Click on the link below to read my latest column in The Indianapolis Recorder. Happy Family History Month!
Ms. Valencia Nelson was a giant in research for African Americans. Her Afrigeneas.com website and list serv have been used by untold people. May she rest in power with the ancestors. Click on the link to learn more about her extraordinary life. She will be missed. Prayers to her friends and family. http://www.afrigeneas.com/forum/index.cgi/md/read/id/88647
Reparations is an important topic and worth serious discussion.
Note to my white self…
Imagine for a moment that someone owed you a great debt.
How would you feel…
… if that person laughed whenever you mentioned that debt?
…if they refused to acknowledge the debt existed, even when shown documentation confirming the debt?
…if they claimed that – if there ever was a debt – that it had already been paid?
…if they argued that – even if there was still an outstanding debt – it was unrealistic to think they would or could pay the debt?
…if they implied you should just forgive the debt and move on?
How would you feel?
Would you be angry toward that person?
Would you resent their wealth, knowing they owed you such a debt?
Would you doubt their oft repeated commitments to justice and equity?
Would you question their habit of extravagant spending on other priorities while pretending to…
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A few weeks ago, I was researching information in the Indianapolis Recorder on the origins of my church. The Indianapolis Recorder is the oldest running black newspaper in the state of Indiana and one of the oldest in the United States. The Indianapolis Recorder is digitized and completely available online. This makes it very easy to search for names or other key words. Using a keyword search for “Thomas Cleveland”, my Great Grandfather, I subsequently found a picture of my Great Aunt Alma when she was 9 years old. I’m always excited when I find information on my family, even when it’s not what I’m looking for. It was so special to find a picture of my Aunt Alma. She was in her 30’s when I can first remember her. So seeing a picture of her when she was a child, was amazing. This is why It’s so important to know the names of all family members, not just direct ancestors.
The article in The Recorder gave me quite a bit of insight into my family in 1935. There were 7 children in the family at this time. My Aunt Alma being the youngest. The article also indicated my Great Grandfather had been unemployed for several years. This article was written during the Great Depression (which spanned from 1929 – 1939). It’s one thing to read about a historic event. It’s another to read about how it affected your family.
Take time to search the newspapers where your family has lived. You might be surprised with what you find. The picture online wasn’t very clear, and I couldn’t manipulate the image. Fortunately, I was able to access the newspaper on microfilm. I was able to adjust the microfilm so that the picture was clear. Looking at the picture I can see her resemblance to other family members. She’s been gone for several decades, but I still think of her often & miss her. Anna Mae’s Oldest Grandbaby Nichelle ~
Did you miss the show “Roots tracing for African Americans” with Nichelle M. Hayes?
Click here to listen to the podcast https://t.e2ma.net/click/1kxrehb/pbywvjc/h9azxxk
February 9, 2019 Roots tracing for African Americans
Even with renewed, widespread interest in family history research – and the explosion of genealogical tools in recent years – challenges remain for those researching African American ancestry. Many of the challenges involve ancestors who were enslaved during the 19th century and earlier.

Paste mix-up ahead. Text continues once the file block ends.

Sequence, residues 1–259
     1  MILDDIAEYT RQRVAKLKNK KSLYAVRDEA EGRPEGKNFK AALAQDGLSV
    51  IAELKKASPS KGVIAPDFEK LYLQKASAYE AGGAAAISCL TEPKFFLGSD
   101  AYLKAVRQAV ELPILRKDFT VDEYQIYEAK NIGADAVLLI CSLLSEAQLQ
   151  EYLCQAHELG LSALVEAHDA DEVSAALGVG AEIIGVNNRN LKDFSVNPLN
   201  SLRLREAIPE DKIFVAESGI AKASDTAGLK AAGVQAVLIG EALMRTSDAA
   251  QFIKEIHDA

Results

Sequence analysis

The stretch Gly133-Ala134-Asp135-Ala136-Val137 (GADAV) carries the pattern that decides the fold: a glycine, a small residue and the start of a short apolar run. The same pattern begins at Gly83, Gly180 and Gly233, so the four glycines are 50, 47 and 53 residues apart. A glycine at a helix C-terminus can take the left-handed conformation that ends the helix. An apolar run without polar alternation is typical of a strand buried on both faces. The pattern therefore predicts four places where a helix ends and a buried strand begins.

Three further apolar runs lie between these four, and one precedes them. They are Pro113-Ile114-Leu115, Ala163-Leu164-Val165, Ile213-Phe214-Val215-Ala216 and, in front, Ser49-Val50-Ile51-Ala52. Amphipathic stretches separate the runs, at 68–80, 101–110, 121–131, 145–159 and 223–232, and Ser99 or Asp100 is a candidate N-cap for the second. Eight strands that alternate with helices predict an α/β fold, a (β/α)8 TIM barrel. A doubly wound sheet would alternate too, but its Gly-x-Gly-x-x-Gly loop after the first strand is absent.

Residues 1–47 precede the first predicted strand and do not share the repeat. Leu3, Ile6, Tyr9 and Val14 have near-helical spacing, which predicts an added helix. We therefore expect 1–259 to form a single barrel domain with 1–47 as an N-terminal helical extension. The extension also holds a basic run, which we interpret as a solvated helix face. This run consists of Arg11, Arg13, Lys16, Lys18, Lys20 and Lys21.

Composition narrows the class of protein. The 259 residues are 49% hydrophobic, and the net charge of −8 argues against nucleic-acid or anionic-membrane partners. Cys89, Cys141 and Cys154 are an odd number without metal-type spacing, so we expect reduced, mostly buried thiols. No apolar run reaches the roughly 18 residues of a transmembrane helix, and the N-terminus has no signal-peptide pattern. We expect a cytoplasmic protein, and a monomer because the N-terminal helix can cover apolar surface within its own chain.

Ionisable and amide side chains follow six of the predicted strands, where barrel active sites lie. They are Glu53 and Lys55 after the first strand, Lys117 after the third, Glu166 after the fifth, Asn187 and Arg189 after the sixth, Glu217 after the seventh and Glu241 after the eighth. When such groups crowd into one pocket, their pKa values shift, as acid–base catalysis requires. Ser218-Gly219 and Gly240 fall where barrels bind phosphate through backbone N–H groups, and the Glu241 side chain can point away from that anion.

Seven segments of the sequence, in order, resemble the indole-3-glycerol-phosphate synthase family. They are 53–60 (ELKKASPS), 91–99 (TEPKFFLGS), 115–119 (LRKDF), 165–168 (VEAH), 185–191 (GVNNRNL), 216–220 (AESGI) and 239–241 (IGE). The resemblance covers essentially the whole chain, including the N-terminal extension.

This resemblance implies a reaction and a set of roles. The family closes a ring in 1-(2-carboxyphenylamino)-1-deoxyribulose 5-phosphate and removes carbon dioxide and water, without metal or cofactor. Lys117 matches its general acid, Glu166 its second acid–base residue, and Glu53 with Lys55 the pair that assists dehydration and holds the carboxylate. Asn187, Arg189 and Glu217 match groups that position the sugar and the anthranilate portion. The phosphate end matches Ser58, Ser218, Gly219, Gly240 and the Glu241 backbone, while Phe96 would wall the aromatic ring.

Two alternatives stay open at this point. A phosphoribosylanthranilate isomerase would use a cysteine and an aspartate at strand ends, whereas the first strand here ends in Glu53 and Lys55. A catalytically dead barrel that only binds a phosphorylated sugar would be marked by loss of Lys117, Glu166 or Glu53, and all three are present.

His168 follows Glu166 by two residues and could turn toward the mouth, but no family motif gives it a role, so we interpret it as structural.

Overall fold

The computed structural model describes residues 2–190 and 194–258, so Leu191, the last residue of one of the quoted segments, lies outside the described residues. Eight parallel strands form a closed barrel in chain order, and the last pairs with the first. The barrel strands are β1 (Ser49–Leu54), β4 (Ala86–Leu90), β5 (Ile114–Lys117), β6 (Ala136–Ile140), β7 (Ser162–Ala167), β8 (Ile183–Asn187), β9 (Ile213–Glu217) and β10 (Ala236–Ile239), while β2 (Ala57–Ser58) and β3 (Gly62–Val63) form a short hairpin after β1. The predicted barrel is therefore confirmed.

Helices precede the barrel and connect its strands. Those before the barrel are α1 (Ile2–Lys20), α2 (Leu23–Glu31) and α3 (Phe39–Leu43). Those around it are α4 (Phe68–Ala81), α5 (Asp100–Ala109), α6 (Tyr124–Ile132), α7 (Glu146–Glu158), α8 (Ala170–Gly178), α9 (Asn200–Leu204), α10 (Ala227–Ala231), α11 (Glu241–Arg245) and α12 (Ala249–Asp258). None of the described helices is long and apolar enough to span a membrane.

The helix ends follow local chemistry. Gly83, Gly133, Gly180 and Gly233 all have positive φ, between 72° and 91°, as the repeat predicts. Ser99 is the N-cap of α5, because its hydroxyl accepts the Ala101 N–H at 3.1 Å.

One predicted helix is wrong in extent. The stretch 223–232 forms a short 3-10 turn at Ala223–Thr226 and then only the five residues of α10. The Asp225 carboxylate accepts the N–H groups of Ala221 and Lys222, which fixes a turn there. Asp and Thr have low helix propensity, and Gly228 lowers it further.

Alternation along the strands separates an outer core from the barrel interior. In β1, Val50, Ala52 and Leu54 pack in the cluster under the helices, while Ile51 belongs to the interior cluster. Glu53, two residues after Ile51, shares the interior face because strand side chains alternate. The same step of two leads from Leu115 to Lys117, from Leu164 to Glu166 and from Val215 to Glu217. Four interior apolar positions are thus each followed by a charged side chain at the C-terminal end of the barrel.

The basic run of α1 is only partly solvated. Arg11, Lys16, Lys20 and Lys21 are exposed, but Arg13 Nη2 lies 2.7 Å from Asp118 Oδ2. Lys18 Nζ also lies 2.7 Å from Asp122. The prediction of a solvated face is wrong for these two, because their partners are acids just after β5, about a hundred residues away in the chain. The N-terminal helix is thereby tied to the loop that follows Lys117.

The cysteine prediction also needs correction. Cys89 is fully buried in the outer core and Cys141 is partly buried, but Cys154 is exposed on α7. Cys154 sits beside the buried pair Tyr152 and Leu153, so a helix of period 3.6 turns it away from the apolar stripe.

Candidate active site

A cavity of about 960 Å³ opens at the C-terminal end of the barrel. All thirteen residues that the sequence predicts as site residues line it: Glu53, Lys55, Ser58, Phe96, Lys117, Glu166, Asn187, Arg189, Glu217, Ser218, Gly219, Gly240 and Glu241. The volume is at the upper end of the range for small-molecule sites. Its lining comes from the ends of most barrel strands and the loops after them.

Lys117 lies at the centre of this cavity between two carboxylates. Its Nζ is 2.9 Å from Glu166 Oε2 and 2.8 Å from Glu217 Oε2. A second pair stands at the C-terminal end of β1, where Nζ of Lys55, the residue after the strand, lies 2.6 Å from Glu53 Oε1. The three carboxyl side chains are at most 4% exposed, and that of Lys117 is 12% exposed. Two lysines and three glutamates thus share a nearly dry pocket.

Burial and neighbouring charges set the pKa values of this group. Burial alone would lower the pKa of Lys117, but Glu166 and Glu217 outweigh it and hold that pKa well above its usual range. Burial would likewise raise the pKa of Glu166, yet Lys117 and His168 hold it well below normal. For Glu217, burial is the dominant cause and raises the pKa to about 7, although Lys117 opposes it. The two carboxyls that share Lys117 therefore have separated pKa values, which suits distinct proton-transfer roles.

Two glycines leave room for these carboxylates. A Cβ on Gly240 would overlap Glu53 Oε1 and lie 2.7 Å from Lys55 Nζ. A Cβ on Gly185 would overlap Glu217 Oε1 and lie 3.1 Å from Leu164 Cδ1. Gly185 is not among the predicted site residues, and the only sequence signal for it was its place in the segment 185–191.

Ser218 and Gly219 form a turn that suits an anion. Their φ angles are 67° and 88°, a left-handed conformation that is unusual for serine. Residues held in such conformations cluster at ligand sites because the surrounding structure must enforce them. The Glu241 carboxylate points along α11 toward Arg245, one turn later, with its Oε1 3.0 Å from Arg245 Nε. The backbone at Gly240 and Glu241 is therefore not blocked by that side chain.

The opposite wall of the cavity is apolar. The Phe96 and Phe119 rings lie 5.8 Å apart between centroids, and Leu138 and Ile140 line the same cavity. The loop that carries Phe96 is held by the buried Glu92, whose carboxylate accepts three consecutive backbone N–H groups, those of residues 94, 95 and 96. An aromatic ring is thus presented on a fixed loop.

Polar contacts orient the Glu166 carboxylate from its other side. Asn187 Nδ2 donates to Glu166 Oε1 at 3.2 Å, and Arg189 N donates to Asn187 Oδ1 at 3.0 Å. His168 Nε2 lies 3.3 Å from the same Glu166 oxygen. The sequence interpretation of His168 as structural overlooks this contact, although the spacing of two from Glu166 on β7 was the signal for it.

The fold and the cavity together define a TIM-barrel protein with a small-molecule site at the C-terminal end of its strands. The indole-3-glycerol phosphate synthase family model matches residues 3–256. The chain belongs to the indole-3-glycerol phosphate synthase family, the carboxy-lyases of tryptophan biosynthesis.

As Hoosier History Live salutes Black History Month, Nelson’s studio guest will be one of Indiana’s top experts on African American roots-tracing. Indianapolis-based genealogist and librarian Nichelle M. Hayes is a past president of the Indiana African American Genealogy Group. Currently, she is the leader of the Center for Black Literature and Culture of the Indianapolis Public Library. Nelson will be asking Nichelle to share advice and tips for tracing African American family histories. As a genealogist for more than 25 years, Nichelle conducts workshops about African American family history research and blogs about it and related topics.In a recent blog post, Nichelle described her research into the death in 1933 of a great-aunt who lived in the Brightwood neighborhood of Indianapolis and died of tuberculosis. Information on the death certificate opened doors for Nichelle to learn about her ancestor’s civic life.
“Genealogy is more than just birth and death dates,” Nichelle writes. “It’s fleshing the person out, so to speak.”To people beginning family history research, she recommends: “Start with yourself and work backwards.”In addition to examining U.S. Census data, records related to property ownership, probate and pensions also can be extremely helpful in illuminating the lives of ancestors, Nichelle says.Among the resource books she recommends to African Americans are Black Roots: A Beginner’s Guide to Tracing the African American Family Tree (Simon & Schuster, 2001) and A Genealogist’s Guide to Discovering your African-American Ancestors (Genealogical Publishing Co., 2003).Ancestory.com, another resource popular with genealogists for its extensive database of family tree information, has published Finding Your African American Ancestors: A Beginner’s Guide (2001).With Nichelle on hand to respond to questions from listeners embarking on roots-tracing adventures, we will open our phone lines earlier than usual during this show. The call-in number to the WICR-FM studio is 317-788-3314.
I would add to this list, share your genealogy records with several people. Especially your photos.
Annie Mae’s Oldest Grandbaby